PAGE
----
Smith And Wesson Customer Service Kudos
December 11, 2013
A little while back, my friend John shared the tale of his Arizona elk hunt. In the telling, he mentioned his misfortune with his TC Icon. It seems that the rifle, chambered in 30-06, developed a split along the forearm during some range sessions. As a result, the -06 sat out the elk hunt while John had to make do with the relative lightweight, 7mm-08. It did the job, but an elk can absorb a lot of wallop… bigger is better.
Anyway, rather than throw away a perfectly good gun or spend a small fortune on a custom replacement stock, John did the sensible thing and sent the rifle to Smith and Wesson for repair. Here’s how it went:
Phillip: I don’t really see much complimentary stuff about Smith & Wesson on the nets, so can I tell you and your friends about my recent experience with the company?
Yesterday, the FedEx truck brought my T/C Icon 30-06 back with a new stock, all parts and shipping expenses covered. This is the rifle with the stock that fractured my first time at the range, but which didn’t fail so dramatically that I noticed much besides bad groups and a growing scratch in the wood. It came back from S&W so fast that I didn’t even know customer service had had time to look at it.
I want to tell you my experience with this rifle because I’m so impressed, and I’ll kind of start at the beginning, if that’s okay.
Back in 2007, I was (and still am) very engaged in learning about AGW. NOAA’s predictions do not bode well for Phoenix real estate. Somehow, I came upon a site called Land and Farm and I started looking for land someplace green where rains are abundant.
In the way a lottery ticket will occupy some with hours of dreams – intricate dreams involving tax accountants and family trusts, Land and Farm occupied me for whole weekends. I considered slope, soil, I looked at Google Maps to see if CAFOs sat west or southwest. In my head and online, I designed a home made by Connect Homes, or Method Homes, Home Ideabox, or maybe i-house. I subscribed to ACRES and the Stockman Grass Farmer, I read the whole Wendell Berry catalog.
And, as my imaginary farm came together, as I homed in on certain states and a certain geography, as I diagrammed the fence and cross fence for the pastures, it occurred to me that sometimes, ranchers and farmers need to keep the coyotes out of the chickens. And so, I discovered the online world of hunting commentary and philosophy. I hadn’t picked up Field & Stream in 25 years and I thought Sports Afield was still a magazine. I was gobsmacked by how many people were writing about hunting and sustainability and maybe even more gabbed and smacked by how much quality writing there was – talking to you, Phillip.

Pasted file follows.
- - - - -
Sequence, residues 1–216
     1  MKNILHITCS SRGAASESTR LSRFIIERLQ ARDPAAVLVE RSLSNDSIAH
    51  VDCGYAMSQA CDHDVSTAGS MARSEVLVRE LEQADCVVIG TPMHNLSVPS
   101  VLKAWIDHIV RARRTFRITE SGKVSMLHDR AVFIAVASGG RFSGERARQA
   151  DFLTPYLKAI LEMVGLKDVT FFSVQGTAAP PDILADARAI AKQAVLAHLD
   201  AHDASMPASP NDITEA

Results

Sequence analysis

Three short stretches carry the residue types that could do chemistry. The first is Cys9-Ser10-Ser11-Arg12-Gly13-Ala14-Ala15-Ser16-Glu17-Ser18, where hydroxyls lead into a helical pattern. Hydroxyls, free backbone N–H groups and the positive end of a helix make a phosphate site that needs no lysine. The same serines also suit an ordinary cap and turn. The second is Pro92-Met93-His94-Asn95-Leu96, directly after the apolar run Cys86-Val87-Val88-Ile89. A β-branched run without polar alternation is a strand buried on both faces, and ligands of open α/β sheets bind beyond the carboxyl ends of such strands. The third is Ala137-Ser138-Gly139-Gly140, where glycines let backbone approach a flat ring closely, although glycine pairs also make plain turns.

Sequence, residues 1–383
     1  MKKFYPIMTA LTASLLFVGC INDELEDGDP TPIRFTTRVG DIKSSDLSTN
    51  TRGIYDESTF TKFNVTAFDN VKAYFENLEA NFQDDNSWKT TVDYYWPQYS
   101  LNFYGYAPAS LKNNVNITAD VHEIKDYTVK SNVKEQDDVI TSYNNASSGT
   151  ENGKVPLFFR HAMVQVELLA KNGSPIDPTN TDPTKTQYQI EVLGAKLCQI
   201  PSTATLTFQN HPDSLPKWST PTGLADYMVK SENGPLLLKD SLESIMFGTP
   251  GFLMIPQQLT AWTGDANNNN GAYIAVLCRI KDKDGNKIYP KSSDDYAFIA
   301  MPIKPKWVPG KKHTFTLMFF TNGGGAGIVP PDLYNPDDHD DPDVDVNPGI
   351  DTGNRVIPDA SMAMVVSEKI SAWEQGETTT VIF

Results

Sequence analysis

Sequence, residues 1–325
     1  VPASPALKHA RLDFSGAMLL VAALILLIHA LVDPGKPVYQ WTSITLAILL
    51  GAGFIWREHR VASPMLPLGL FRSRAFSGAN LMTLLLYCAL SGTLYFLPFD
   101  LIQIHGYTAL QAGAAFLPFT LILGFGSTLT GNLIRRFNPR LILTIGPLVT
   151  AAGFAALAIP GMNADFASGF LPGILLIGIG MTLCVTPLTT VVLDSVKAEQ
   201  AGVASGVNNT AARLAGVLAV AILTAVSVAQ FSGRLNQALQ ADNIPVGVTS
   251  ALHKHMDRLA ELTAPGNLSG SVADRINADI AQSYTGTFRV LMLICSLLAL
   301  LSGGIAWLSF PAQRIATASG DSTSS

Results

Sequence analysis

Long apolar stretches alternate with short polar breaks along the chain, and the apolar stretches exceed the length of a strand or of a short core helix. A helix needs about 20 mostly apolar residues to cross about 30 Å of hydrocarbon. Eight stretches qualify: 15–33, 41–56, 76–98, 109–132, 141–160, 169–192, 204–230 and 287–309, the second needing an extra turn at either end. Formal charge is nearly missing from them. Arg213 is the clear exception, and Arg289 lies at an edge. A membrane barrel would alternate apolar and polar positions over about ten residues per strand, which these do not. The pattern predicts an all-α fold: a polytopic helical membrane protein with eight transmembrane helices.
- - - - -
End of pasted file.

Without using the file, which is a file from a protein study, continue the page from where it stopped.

At the time, the Winchester Model 70 was dying or dead and Thompson Center had decided to enter the bolt action market with a wholly new rifle, the Icon. It was going to be a tour-de-force of the best designs from hunting and tactical bolt action engineers. It would be more expensive than the other American rifles, except for Weatherby’s Mark V, but it would have a flat bottom receiver, three integral lugs locking into an aluminum brace inside the stock, an integrated Weaver mount, a special rifling pattern, a 60 degree bolt throw, and a carbon/walnut stock that would blow your mind.
But what caliber?
What’s that expression? Beware the person who hunts with one rifle? I don’t remember how that one goes. I wanted to have an all around rifle is what I’m saying. But I had an imaginary farm coming together and those aren’t cheap. And I had a real wife who preferred Chanel to Gucci and Jimmy Choo to Stuart Weitzman, and blah blah blah, materialism. So, I didn’t just want, I needed whatever Icon I bought to do everything.